It is not a sound normally associated with the border, particularly in its latest role as a national symbol of incalculable political charge.
But there it was, unmistakable as the pink seesaws that prompted it: laughter.
Two architects in the San Francisco Bay Area are responsible for the installation over the weekend of the three seesaws that briefly graced a small stretch of the nearly 2,000-mile swath of land where the United States abuts Mexico. Videos of the seesaw have drawn millions of views after it was posted on Twitter by Mexican actor Mauricio Martinez.
The project draws power from its simplicity, the way it presented a vision of another reality at the border that contrasts with the one created by the heated immigration debate.
Hence, the laughter.
But commentators on social media said they saw darker undertones in the installation, with some saying they felt it was a Pollyanna message about equality and unity, or a dystopian portrait of a security-obsessed future.
“There are so many horrible things about this installation, from adding to that violent colonial wall that is desecrating Indigenous land & separating families, to the see-saw implying equal power relations, to human relations being mediated by the settler states of USA and Mexico,” one wrote on Twitter.
Republican officials like President Trump have sought to paint the border as a lawless place, overrun with invaders who seek to enter this country to do harm.
But a steady stream of everyday citizens have sought to show the border in another light.
In February, the city council of Nogales, Ariz., unanimously passed a resolution to formally condemn six rows of razor wire the U.S. military installed on an existing border fence next to neighborhoods and schools. Elsewhere, some through-hikers have walked long stretches of border, including a pair of women who walked the entire 1,954 miles in one, months-long go — a direct rebuke to the characterization of the border as dangerous.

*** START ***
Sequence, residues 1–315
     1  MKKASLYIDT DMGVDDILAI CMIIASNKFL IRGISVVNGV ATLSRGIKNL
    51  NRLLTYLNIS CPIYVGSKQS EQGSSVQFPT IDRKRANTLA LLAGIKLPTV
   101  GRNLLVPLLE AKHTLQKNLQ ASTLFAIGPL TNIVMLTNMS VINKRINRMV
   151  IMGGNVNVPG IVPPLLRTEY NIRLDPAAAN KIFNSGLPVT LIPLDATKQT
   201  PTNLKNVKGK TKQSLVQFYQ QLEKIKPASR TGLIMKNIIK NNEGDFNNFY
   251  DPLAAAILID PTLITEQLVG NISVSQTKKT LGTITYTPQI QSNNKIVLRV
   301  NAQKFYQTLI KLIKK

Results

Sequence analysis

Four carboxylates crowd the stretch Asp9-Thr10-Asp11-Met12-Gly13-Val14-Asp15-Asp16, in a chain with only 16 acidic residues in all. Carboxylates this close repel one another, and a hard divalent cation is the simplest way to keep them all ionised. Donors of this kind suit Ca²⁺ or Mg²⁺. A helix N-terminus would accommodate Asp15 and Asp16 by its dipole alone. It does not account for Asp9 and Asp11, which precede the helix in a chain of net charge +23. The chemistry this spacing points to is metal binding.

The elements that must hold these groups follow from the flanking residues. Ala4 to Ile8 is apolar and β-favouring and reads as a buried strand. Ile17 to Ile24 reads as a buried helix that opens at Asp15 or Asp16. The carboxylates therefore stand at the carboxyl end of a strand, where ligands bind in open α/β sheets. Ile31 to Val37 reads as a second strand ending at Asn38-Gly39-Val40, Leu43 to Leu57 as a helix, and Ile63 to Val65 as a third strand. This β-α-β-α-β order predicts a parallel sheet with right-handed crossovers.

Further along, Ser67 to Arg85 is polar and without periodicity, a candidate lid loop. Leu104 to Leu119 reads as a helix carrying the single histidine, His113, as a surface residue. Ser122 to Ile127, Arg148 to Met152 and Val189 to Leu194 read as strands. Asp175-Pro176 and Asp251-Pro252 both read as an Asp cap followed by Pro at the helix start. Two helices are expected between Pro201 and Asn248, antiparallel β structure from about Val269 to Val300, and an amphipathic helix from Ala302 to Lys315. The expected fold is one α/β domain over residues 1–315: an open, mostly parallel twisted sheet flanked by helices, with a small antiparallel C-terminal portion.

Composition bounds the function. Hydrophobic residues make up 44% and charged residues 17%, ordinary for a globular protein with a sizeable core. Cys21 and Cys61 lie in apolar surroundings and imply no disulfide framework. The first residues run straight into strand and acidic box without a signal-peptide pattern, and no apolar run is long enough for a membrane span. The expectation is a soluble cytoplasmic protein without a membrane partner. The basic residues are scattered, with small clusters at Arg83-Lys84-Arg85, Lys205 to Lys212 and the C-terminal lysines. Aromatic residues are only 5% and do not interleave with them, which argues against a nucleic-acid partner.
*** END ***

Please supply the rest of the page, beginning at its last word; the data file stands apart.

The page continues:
And it is amid that tradition that the the seesaw project, dubbed the Teetertotter Wall, was born.
Virginia San Fratello, a professor at the San Jose State University who designed the project with fellow architect Ronald Rael, said that the pair had made a conscious choice to combat the heavily charged politics of the border with a simple emotion: the joy of a child’s playground.
The project was not born in the current political moment, but a decade ago in the wake of the federal Secure Fence Act legislation of 2006 that saw large portions of wall constructed along the border.
“We frequently travel through southern California, Arizona and Texas and we saw portions of the wall being built or beefed up,” San Fratello said in an interview. “We saw how it was changing people’s lives. We saw that disruption and wanted to think about scenarios that would bring people together.”
A decade of traveling to projects in Marfa, Tex., about an hour from the border in West Texas, brought them regularly to cities near or on the border such as El Paso, Valetine and Presidio. So they developed the idea in a series of drawings and models made in snowglobes that drew inspiration from other artists who had sought to make the border their canvas.
Other unrealized art projects that have been conceived for the border include turning the wall into a giant xylophone, its panels musical keys. Rael and San Fratello designed another concept that includes constructing a food cart into the wall so that Mexico food — burritos, primarily — can be shared through the slats for diners sitting at counters on both sides.
Rael, a professor at the University of California Berkeley’s school of environmental design, explored some of these ideas in his 2017 book, “Borderwall as Architecture: A Manifesto for the U.S.-Mexico Boundary.”
The Teetertotter Wall was up for about 30 minutes on Sunday, San Fratello said, on a small stretch of border fence in Anapra, N.M., about 20 minutes northwest of El Paso.
Rael and San Fratello installed it with the help of friends on the Mexican side of the border, where it had been constructed in Ciudad Juarez by a fabricator.
They had chosen a place on the fence that separated Anapra from a residential area in its Mexican counterpart on the other side, Puerto de Anapra, where they had seen children playing on the weekends.
“It’s a place where people from both sides can walk up to the fence,” San Fratello said. “The type of fence where you can pass something through. We designed the seesaw to fit in that place.”
The seesaws were designed to be able to fit through the gaps in the columns that make up the fence in the location. Each of the three seesaws had a knot, handle bars and bicycle seats.
After it was installed, children in the area came up to play on it with their families, San Fratello said. Border Patrol agents arrived too, San Fratello said, but let the group continue unimpeded.
“I think they got it,” San Fratello said. “They were very courteous and professional and they seemed to understand the intent of the project. They let us go on until we decided that it was a good time to take it down.”
San Fratello said the experience was “exhilarating.”
“Everybody was kind of high and thrilled and positive,” she said.
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